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Caramuel and the “Quantification of the Predicate”

  • Wolfgang Lenzen
Part of the Studies in Universal Logic book series (SUL)

Abstract

The theory of the “Quantification of the Predicate” attempts to transform the traditional logic of the four categorical forms (Every S is P; No S is P; Some S is P; Some S isn’t P) into a system of eight or even twelve propositions in which the simple predicate P is replaced by a quantified predicate like ‘some P’, ‘every P’ and perhaps even ‘no P’. According to the standard historiography of logic, such a theory was invented in the 19th century by W. Hamilton and Augustus De Morgan. However, already in the 17th century, the Spanish logician Juan Caramuel y Lobkowitz published a book “Theologia rationalis” in which propositions with quantified predicates are systematically investigated. By way of a remarkable extension of the traditional theory of conversion, Caramuel arrives at a system of logical inferences which might be considered as a forerunner of Hamilton’s theory. However, Caramuel’s “method” basically consists only in listing various examples of true and false propositions. Therefore, his theory fails to provide a general semantics for propositions with a quantified predicate. One variant of such a semantics was developed in the 18th century by Gottfried Ploucquet. Another completely different one had been sketched already in the 17th century by Gottfried Wilhelm Leibniz.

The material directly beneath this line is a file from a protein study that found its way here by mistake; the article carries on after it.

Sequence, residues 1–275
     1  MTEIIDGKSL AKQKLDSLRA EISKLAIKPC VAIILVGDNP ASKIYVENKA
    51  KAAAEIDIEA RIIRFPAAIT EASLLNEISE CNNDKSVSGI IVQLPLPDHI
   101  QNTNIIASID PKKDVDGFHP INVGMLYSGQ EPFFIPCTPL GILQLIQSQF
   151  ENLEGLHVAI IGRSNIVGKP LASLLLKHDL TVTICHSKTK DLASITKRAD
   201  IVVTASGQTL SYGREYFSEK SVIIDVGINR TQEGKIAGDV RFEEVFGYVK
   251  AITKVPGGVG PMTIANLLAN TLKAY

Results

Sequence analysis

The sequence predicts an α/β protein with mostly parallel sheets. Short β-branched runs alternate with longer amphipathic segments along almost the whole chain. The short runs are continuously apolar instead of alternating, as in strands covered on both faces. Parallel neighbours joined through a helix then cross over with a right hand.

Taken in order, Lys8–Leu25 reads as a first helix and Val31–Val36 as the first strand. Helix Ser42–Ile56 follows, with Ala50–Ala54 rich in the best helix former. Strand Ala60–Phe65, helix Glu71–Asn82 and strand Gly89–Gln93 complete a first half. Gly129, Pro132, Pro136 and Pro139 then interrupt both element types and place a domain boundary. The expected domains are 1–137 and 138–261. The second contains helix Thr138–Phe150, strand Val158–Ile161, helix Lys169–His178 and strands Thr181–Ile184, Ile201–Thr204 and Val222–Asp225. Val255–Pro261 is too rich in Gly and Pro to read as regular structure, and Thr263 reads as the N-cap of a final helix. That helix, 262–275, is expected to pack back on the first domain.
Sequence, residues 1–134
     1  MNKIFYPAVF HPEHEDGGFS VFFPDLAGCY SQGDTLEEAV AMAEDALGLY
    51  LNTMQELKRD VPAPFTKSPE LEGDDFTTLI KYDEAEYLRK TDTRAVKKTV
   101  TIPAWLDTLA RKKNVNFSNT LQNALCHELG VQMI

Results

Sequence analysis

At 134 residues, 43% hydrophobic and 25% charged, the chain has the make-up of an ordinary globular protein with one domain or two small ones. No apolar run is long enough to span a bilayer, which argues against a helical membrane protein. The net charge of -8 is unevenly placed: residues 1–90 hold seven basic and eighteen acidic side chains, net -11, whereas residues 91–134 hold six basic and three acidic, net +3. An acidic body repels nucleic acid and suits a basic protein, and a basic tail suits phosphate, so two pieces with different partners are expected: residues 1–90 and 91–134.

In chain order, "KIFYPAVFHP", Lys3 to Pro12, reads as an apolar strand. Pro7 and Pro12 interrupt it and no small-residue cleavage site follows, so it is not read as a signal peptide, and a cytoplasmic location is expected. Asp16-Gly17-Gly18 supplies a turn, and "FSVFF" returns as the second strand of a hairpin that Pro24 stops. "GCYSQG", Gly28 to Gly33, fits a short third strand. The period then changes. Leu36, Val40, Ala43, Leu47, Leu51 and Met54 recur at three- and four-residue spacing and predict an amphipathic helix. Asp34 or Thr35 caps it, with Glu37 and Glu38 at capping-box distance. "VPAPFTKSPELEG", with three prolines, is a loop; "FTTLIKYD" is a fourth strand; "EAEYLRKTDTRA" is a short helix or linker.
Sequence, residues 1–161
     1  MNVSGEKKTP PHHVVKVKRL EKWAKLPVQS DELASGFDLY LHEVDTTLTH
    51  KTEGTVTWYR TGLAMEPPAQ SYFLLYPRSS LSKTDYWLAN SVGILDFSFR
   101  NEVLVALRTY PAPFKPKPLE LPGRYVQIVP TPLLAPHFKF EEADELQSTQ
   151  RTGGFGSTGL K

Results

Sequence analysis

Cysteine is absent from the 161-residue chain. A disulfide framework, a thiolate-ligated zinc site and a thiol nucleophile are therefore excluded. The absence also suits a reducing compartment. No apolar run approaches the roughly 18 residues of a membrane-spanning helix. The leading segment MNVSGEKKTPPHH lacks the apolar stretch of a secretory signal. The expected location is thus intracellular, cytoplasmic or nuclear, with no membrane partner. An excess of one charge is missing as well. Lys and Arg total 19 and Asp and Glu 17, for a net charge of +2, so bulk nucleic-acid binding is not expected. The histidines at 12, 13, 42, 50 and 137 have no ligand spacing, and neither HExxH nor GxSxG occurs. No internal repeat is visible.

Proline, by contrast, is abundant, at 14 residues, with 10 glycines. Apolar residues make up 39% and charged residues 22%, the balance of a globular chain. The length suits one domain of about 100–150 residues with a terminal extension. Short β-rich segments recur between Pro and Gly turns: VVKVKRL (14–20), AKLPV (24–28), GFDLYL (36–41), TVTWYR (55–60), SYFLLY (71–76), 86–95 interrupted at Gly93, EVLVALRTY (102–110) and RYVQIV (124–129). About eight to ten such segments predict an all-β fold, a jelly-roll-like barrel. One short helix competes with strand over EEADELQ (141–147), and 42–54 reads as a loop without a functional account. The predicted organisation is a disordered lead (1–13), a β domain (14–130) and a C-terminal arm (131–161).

Keywords

History of logic 17th century Categorical forms Quantification of the predicate Juan Caramuel y Lobkowitz Gottfried Ploucquet Gottfried Wilhelm Leibniz 

Mathematics Subject Classification

03A05 03B65 03B99 

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Copyright information

© Springer International Publishing Switzerland 2015

Authors and Affiliations

  1. 1.University of OsnabrückOsnabrückGermany

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